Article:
With earbuds practically taking over the popular private listening landscape, I can't help but wonder how many people consider over-the-ear headphones anymore.
While I love my earbuds, especially while wandering around New York City and riding the subway to work, over-the-ear 'phones provide a visceral listening experience that earbuds can't match. Case in point: the Denon AH-D2000s.
The full-size headphones provide deep bass that you feel on your head while listening, and their comfy closed earcups won't disturb anyone who happens to be nearby.
With all the trappings of a high-end audio product, the only thing the AH-D2000's seem to be missing are the obligatory wooden shells on the outside of the cups. If you step up to the more expensive AH-D5000, you can have that too.
Meanwhile, the AH-D2000's sport black plastic shells, but those shells are held in place by a magnesium metal frame that's plenty solid and provides enough adjustment for small or large heads, and--at just over 12 ounces--isn't as heavy as you'd expect from that much metal. The headphones didn't weigh my head down, even after multiple hours of listening, and they're very comfortable to wear, being neither too tight nor too loose.
My only gripe about the design, and it is a minor one, is that the leather cover on the ear cups did leave me with a little bit of sweat on the skin below and behind my ears after prolonged listening. (Headphones with cloth-covered pads tend to avoid this problem.) The leather on the D2000's seems pretty thick, though, so you shouldn't run into the problem of it flaking off as you will with headphones such as the Sony MDR-V6.
The nearly 10-foot cable is double-sided (one wire to each earcup) and is covered in a cloth mesh jacket that feels durable and looks nice. Denon includes a gold-plated quarter-inch adapter for the gold-plated 8-inch (3.5 mm) stereo minijack connection.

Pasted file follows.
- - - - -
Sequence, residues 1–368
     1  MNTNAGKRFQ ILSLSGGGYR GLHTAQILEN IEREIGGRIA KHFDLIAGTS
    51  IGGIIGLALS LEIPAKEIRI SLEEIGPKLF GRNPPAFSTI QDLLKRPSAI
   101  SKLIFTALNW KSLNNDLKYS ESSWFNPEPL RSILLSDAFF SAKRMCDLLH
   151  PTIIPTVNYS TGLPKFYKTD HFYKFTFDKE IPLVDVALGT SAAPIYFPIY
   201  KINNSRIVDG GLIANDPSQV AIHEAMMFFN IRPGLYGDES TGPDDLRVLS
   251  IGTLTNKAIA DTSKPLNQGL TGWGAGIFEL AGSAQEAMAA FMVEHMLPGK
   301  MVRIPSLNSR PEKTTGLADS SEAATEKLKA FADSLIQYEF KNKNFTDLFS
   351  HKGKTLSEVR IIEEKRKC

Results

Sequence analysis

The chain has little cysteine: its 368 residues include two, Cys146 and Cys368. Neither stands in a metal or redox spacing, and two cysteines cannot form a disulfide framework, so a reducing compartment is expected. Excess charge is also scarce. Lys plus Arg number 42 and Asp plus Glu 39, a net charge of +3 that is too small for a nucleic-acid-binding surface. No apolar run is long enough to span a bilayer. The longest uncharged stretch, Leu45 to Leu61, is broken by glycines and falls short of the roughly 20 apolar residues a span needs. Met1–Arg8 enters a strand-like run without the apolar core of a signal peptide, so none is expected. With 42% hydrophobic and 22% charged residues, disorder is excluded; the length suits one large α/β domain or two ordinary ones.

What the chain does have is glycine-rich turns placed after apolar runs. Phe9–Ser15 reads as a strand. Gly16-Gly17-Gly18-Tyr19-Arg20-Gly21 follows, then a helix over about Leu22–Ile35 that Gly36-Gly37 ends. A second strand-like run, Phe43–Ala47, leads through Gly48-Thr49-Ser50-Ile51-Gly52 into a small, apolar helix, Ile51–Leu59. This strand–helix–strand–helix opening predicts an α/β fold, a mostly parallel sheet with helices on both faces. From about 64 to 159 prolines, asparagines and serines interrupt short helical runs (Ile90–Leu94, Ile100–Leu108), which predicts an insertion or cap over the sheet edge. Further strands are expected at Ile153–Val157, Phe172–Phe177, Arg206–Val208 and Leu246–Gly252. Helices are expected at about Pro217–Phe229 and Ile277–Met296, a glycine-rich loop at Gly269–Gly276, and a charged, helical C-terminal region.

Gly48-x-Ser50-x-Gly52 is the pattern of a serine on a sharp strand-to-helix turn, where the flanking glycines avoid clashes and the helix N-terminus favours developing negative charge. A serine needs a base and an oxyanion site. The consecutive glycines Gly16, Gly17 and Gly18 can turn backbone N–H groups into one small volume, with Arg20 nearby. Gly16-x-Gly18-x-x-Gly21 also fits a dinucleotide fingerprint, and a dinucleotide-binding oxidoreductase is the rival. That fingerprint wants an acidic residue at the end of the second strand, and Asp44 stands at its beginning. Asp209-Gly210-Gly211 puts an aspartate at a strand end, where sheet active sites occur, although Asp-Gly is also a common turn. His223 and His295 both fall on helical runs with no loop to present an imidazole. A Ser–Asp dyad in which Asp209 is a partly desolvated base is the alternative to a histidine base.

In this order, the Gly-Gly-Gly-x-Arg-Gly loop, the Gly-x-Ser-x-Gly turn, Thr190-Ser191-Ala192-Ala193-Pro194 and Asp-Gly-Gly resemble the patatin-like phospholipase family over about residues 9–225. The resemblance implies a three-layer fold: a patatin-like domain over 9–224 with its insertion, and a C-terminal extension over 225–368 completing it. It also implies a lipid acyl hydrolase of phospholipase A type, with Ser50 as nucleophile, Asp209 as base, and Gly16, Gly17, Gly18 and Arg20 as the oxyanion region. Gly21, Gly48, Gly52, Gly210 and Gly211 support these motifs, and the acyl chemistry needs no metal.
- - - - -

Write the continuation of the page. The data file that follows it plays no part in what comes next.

Denon makes a big deal about the headphones' microfiber diaphragms--the drivers that create the sound waves that your ears hear. According to Denon, the microfiber can be thinner than the cellulose drivers normally used in headphones, but is very dense.
This means that the driver can be rigid enough to produce the necessary sound waves, while being more agile and therefore more responsive, which theoretically should help it to produce more realistic sounds. In practice, these headphones produce nice, deep bass with clear definition, while producing crisp high frequencies and a smooth midrange.
For example, when I listened to "Candela" by the Buena Vista Social Club, the D2000's did a great job of keeping up with the deep driving bass part, while preserving the crisp slaps of the fast-paced percussion. The staccato plucking on guitar strings in the beginning of the track sounded quite realistic, and Ibrahim Ferrer's vocals practically sound as though he's in the room, while the multipart harmonies retained the characteristics of each of the singer's voices rather than becoming one big muddy batch.
Put another way, the Denon AH-D2000s are a great set of home headphones. However, are they worth their $350 asking price? I had the opportunity to compare them with the Sennheiser HD 600s, which can be had for about the same price. The Sennheisers have an open-air design and cloth-covered ear pads, but I ended up enjoying the Denons more.
I think I enjoyed the Denons more mostly because they delivered more powerful bass than the Sennheisers, though their closed design might have something to do with that. However, the Sennheisers also aren't nearly as comfortable to wear, despite the fact that they are lighter then the AH-D2000s.
Can you get a pair of headphones that delivers a more pleasing sound quality? Probably--there are plenty of worthwhile candidates available. However, given high-end audio's rule of diminishing returns, you may pay quite a bit more for the incremental improvement. In the meantime, the Denon AH-D2000s should satisfy even the most demanding audiophiles. E-mail to a friend
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